Over the years the Muppets have announced or developed episodes for their television series that never came to fruition. Many of these episodes never went beyond the early development stages.
- Steve Martin - Sesame Street writers created a sketch for Steve Martin about his feet expressing his emotions; Martin canceled, and was replaced by Jim Carrey.
- Natalie Cole - Cole was scheduled to appear on the show, singing her hit "Unforgettable" with Forgetful Jones. Last-minute scheduling conflicts prevented the taping date and soon after, Richard Hunt passed away.
- Reba McEntire was scheduled to appear in Sesame Street’s 29th Season. However, the song prepared for her appearance ("I'm Talkin' Love") was never filmed.
- Bette Davis was announced as a guest in the September 13, 1982 issue of The Times-Daily, in what would have been the show's 14th season. However, Sesame Workshop's database contains no record of a contract with Davis.
- Tony Bennett - Bennett was proposed as a guest as early as March 1976, where he would sing "What Are You Doing the Rest of Your Life" to Hilda.
- Gina Lollobrigida - On the DVD The Story of Mummenschanz, Bernie Schurz recalls that originally, Gina Lollobrigida was planned as a guest star for season one. When she canceled, Jim Henson suggested Mummenschanz, whose performance he had seen in Geneva.
- Richard Pryor - In the 2002 documentary I Love Muppets, Chris Langham claims he was chosen to replace Pryor as guest on the The Muppet Show because Pryor "blew himself up freebasing."
- Robin Williams - In 1979, Williams was announced as a guest star on The Muppet Show in an issue of The Muppet Show Fan Club Newsletter; however, he did not appear on the show.
- Cher - In 1979, Cher was announced as a guest star on The Muppet Show in an issue of The Muppet Show Fan Club Newsletter; however, she did not appear on the show.
- ABBA - Jim Henson wished to have group guest star on The Muppet Show, but scheduling conflicts prevented their participation.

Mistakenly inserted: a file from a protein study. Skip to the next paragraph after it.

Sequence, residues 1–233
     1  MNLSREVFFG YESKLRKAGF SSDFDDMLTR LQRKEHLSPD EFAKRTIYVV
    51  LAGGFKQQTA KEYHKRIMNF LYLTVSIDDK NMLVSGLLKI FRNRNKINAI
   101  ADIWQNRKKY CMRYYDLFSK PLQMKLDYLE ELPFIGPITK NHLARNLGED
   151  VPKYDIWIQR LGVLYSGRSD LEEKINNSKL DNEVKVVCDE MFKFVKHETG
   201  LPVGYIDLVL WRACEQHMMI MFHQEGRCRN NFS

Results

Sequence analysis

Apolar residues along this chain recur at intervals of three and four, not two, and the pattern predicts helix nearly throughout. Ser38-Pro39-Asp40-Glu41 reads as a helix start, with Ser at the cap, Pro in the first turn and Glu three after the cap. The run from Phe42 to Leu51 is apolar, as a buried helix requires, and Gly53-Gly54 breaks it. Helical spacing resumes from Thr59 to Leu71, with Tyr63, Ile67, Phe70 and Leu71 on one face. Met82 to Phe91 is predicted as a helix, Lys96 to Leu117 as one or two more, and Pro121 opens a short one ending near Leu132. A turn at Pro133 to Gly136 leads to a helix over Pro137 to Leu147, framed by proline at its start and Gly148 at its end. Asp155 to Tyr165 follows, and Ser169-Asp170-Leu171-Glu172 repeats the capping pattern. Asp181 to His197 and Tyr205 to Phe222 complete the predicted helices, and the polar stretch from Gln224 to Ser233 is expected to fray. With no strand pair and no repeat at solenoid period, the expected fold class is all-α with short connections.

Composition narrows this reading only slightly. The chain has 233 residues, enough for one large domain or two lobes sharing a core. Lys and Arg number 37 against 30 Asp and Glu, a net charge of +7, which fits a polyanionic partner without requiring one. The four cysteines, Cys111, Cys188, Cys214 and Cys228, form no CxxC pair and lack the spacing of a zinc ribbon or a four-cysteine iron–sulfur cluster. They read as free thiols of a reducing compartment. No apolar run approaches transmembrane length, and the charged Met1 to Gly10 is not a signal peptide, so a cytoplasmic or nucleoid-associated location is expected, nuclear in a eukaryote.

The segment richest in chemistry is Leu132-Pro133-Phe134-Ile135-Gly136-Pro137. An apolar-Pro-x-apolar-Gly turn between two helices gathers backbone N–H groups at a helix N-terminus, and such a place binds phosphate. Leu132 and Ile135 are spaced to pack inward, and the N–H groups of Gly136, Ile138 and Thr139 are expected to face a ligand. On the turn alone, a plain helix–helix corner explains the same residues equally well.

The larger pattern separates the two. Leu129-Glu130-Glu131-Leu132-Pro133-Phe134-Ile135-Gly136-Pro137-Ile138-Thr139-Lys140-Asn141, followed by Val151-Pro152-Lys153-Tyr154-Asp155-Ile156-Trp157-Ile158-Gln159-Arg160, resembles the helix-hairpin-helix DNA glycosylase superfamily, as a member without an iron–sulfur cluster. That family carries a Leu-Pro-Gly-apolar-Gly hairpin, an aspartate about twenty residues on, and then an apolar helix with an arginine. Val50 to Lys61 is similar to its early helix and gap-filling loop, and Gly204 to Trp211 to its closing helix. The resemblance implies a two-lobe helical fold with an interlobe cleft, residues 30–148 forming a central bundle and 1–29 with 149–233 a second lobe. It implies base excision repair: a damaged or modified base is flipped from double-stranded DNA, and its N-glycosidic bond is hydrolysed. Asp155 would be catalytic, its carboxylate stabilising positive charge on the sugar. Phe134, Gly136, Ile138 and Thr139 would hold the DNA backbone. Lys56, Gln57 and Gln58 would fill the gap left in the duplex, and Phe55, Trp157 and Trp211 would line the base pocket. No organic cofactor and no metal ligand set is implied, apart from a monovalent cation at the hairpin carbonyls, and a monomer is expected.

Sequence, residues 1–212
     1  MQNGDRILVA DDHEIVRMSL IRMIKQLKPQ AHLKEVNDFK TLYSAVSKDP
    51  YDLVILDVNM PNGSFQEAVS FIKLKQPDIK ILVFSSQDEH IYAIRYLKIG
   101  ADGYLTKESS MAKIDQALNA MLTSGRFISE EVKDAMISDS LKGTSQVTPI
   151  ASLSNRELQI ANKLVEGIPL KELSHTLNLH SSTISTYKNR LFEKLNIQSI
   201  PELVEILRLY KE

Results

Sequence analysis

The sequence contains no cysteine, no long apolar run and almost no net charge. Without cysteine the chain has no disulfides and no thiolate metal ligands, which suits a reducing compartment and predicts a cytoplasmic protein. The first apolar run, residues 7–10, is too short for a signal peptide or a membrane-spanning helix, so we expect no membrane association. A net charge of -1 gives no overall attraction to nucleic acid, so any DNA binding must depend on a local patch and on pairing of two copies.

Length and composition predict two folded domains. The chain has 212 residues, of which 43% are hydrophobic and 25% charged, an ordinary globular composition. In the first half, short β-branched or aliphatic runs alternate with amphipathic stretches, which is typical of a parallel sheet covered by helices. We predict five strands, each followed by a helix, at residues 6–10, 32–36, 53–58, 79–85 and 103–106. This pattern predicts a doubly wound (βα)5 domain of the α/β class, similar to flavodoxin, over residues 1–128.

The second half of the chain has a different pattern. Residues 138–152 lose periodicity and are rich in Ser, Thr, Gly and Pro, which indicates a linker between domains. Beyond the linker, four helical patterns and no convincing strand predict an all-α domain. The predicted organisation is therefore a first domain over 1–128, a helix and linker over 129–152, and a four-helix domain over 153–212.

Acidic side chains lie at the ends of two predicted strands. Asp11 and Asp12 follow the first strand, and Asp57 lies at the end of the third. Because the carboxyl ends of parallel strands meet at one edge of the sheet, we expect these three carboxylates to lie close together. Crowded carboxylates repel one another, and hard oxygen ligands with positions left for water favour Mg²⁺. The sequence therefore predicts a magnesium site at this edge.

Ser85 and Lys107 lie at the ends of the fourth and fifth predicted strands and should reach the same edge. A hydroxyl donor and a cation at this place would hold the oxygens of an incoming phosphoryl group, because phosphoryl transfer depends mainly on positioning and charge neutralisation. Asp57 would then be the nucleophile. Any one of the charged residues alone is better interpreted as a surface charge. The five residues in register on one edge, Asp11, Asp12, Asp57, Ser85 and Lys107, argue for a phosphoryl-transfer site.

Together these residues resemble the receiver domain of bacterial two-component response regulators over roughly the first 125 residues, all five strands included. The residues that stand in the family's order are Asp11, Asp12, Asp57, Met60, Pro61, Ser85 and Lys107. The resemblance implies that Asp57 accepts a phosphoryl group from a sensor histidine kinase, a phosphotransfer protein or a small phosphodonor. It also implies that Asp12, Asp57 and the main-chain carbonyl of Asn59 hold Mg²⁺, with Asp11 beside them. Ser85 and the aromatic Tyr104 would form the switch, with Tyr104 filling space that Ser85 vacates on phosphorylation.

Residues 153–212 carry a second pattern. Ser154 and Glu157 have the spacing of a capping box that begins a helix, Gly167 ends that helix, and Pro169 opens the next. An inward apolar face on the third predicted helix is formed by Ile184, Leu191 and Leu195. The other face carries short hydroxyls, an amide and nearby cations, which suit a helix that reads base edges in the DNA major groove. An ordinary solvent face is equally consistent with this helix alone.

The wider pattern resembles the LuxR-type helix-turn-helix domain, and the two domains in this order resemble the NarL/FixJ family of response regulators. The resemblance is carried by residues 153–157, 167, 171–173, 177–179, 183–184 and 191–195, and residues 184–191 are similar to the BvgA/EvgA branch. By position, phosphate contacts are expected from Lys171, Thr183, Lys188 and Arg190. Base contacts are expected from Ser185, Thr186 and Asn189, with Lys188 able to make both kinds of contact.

- Lionel Richie - Richie was scheduled to appear as a guest in 2001's The Muppet Show Live singing "Say You, Say Me." However, Richie was unable to participate in the show due to illness.
- Some proposed guests for the show's second season include Dolly Parton, Olivia Newton-John, Leslie Uggams (who would appear on the show's third season), Orson Welles, Paul Anka, Rex Harrison, Barbra Streisand, Bette Midler and Kris Kristofferson (who would appear on the show's third season).
- During the course of The Muppet Show, Jim Henson wrote out a list of dream guests—and urged the writers and puppeteers to do the same. Among those potential guests on Henson's list were Bil Baird, Shari Lewis, Burr Tillstrom, Stan Freberg, Mae West, Mia Farrow, Princess Anne, Kim Novak, and Katharine Hepburn. The dream line up assembled by the Muppet performers and writing staff included such stars as Dustin Hoffman, David Bowie, Salvador Dali, Michael Caine, Robert DeNiro, Frank Zappa, Meryl Streep, the entire Monty Python troupe (though one of their members would eventually guest star), and The Beatles.
- Rosie O'Donnell - In a cold opening sketch aired in the summer of 1996, O'Donnell attempted to court Miss Piggy via telephone into being a guest on her new daytime talk show. O'Donnell succeeded by reminding Piggy that she was already scheduled to appear on Miss Piggy's current show, Muppets Tonight. However, the series was canceled before O'Donnell could ever appear. O'Donnell also mentions that she's going to be on Muppets Tonight when Miss Piggy hosted The Rosie O'Donnell Show.
- ↑ Borgenicht, David. Sesame Street Unpaved.
- ↑ Clash, Kevin. The MuppetCast episode #41
- ↑ ctw.org "The show's new season explores our world and beyond." by P.J. Tanz
- ↑ 4.0 4.1 Sesame Workshop personal communication, Scott Hanson
- ↑ The Times-Daily, September 13, 1982
- ↑ Children's Television Workshop. Quarterly Progress Report, July 30, 1982 to September 30,1982.
- ↑ 7.0 7.1 Archival document displayed in The Jim Henson Exhibition at the Museum of the Moving Image
- ↑ Röster I Radio TV, issue #22 (1981)
- ↑ Jim Henson: The Biography by Brian Jay Jones (page 266)